The study was conducted in the understorey of primary rainforest on CI (10°25′ S, 105°40′ E) during the transition from dry to wet season (October–January). CI is oceanic (135 km2, maximum elevation 360 m) and dominated by a broad-leaved, structurally simple tropical rainforest. Many woody plants have fleshy fruits or arillate seeds (44%, n = 108 species) and the fruit/aril colours of species in the forest understorey are red–orange (50%), black (25%), white (10%), pink (10%) or yellow (5%), and diaspore diameters averaged 5.5 mm (range 2–15 mm, n = 20; P. T. Green 1994–2009, unpublished data).
High-density supercolonies of the YCA were always associated with highly elevated densities of exotic, honeydew-secreting scale insects (especially Tachardina aurantiaca
(Kerriidae) and Coccus celatus
(Coccidae), both broad host–plant generalists; O'Dowd et al. 2003
). YCA invasion has generated a mosaic of three forest states, primarily by extirpating a keystone native consumer (the red land crab, Gecarcoidea natalis
) (Green et al. 2008
). We chose five 1 ha sites of each state (i.e. YCA-invaded sites, where supercolonies had formed 1.5–2 years prior to the study; intact sites where supercolonies had never formed; and ghosted sites, which had not been invaded but where resident red crabs had been depopulated when previous crab breeding migrations intercepted supercolonies and were killed) to estimate the effects of ant invasion on avian frugivory. Sites were interspersed (0.7–10.7 km apart) across the island and spread across similar elevations (Davis et al. 2008
). The inclusion of ghosted sites allowed a comparison of impacts in the absence of both the native red crab and YCAs to those in the absence of crabs only, and in the presence of both species. This helped distinguish direct effects of ants on fruit handling from their indirect effects on resource levels and habitat structure.
Artificial fruiting displays and model fruits were used to measure fruit handling by birds (a,b). Displays were wooden dowels (0.8 cm diameter × 45 cm length), each with five holes 4 cm apart through which galvanized wire (0.7 mm diameter) was threaded. Model fruits (12 mm diameter) were moulded from non-toxic, odourless and water-resistant red Plastalina modelling clay and pressed onto the outer, up-facing ends of wires (10 fruits per display). Ten displays were attached to separate understorey plants at breast height and placed greater than 25 m apart within a 100 m × 50 m plot. One fruit survey was completed at each site in October, November and January. Each survey was over 4 days at five sites, staggered randomly within each month. Artificial displays allow standardization of the number and arrangement of fruits and placement within sites. The colour and size of model fruits can be controlled, as they neither rot nor desiccate, and records of visitation are retained. The number and type of peck marks could be assigned to the thrush (c) and white-eye (d) because of different bill morphologies and gape widths (thrush: 13.97 ± 0.52 mm, n = 3; white-eye: 6.47 ± 0.03 mm, n = 3). The diameter of model fruits was large relative to the gape widths of these two frugivorous birds to minimize chances of fruit removal and hence retain feeding attempts.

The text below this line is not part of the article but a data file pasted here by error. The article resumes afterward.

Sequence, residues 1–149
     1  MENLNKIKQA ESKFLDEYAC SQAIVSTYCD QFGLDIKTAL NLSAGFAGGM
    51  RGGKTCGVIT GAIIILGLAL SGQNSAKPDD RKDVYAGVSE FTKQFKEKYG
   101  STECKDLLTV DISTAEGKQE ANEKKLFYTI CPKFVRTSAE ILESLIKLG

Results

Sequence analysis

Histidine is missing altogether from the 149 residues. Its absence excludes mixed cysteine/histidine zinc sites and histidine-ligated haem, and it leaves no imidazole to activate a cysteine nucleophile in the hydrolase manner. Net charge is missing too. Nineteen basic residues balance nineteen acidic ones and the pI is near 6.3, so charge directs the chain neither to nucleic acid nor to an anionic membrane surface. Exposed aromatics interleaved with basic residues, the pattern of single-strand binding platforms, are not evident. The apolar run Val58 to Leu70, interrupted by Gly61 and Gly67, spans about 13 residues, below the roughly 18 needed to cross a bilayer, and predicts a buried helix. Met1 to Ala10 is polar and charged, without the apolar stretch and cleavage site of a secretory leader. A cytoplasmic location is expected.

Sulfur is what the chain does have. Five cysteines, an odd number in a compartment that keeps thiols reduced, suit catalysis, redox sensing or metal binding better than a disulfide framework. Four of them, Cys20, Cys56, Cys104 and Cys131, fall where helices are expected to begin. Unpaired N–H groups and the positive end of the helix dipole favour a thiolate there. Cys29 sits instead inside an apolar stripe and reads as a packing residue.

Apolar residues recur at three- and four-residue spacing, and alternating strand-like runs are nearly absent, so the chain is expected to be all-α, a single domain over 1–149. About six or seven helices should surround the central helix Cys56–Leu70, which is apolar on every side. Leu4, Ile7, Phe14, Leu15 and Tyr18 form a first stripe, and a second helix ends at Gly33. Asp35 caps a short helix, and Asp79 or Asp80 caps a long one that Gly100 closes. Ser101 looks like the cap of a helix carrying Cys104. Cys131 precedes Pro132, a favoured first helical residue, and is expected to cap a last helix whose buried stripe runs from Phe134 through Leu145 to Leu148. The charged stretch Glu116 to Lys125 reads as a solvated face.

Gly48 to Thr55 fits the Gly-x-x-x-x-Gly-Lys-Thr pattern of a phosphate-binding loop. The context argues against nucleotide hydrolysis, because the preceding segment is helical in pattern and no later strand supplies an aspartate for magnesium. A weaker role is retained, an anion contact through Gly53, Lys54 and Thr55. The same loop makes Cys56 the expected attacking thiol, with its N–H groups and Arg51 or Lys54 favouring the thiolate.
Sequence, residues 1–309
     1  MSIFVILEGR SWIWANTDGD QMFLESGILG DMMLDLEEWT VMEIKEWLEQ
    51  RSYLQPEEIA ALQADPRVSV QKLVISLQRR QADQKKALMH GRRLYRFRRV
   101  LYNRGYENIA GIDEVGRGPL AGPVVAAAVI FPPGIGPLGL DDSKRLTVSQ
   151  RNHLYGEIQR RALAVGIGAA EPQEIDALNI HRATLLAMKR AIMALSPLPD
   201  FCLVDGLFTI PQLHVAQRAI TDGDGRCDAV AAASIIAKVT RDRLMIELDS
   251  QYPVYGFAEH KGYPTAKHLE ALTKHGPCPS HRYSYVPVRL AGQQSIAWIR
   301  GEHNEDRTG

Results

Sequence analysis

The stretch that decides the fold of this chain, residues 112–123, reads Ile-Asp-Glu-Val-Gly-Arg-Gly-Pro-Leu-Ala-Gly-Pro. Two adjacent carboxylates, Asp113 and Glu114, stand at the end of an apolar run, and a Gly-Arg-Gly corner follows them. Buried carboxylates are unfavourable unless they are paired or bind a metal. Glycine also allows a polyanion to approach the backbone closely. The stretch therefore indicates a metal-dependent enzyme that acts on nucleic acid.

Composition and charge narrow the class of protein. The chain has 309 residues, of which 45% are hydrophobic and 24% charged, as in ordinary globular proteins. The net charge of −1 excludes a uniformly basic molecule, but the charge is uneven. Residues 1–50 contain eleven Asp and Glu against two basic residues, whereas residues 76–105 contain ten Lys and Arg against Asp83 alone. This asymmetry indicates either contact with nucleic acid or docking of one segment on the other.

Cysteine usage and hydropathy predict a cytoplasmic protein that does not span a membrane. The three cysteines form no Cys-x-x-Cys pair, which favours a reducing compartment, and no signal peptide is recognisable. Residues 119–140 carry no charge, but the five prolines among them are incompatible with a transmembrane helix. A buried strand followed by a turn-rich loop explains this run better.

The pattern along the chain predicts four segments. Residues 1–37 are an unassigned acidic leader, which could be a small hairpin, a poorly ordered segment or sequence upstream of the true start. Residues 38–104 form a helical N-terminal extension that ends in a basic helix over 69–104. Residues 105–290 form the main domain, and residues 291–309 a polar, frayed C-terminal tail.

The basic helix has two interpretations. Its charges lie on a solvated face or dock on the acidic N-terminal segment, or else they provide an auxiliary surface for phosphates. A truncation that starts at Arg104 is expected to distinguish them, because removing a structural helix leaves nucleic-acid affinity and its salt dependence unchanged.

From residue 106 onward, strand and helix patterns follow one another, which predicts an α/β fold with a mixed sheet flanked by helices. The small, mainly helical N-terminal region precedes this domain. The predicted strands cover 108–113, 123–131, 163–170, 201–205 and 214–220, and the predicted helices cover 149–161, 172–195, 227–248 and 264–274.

(a) Artificial fruiting display with model fruits, (b) red model fruits (scale bar, 1 mm) handled by the thrush ((c) left fruit; credit: Kee Seng Foo) or white-eye ((d) right fruit; credit: Tony Patisser).
We compared the handling of model fruits to real fruits of Schefflera elliptica (Araliaceae) at a different ant-invaded site. Ripe fruits were orange–red and 5.1 mm in diameter (n = 100). The presentation of displays was as for the fruit handling survey, except that 20 displays each of real and model fruits were used. We excluded ants from 10 displays of each by placing Tanglefoot bands at the base of each dowel. YCA numbers on each display were recorded after 2 days. After 4 days, handling rates were determined.
Bayesian analyses were used throughout (see the electronic supplementary material). The total number of fruits that had peck marks and the total number of peck marks made by each bird species per site were examined for variation among forest states using Bayesian analysis of covariance. For comparison of the handling rates of real and model fruits, and for the test for direct interference by ants on fruit handling, we analysed probabilities that fruits in a display would be handled, numbers of ants per display and peck marks per display of model fruits.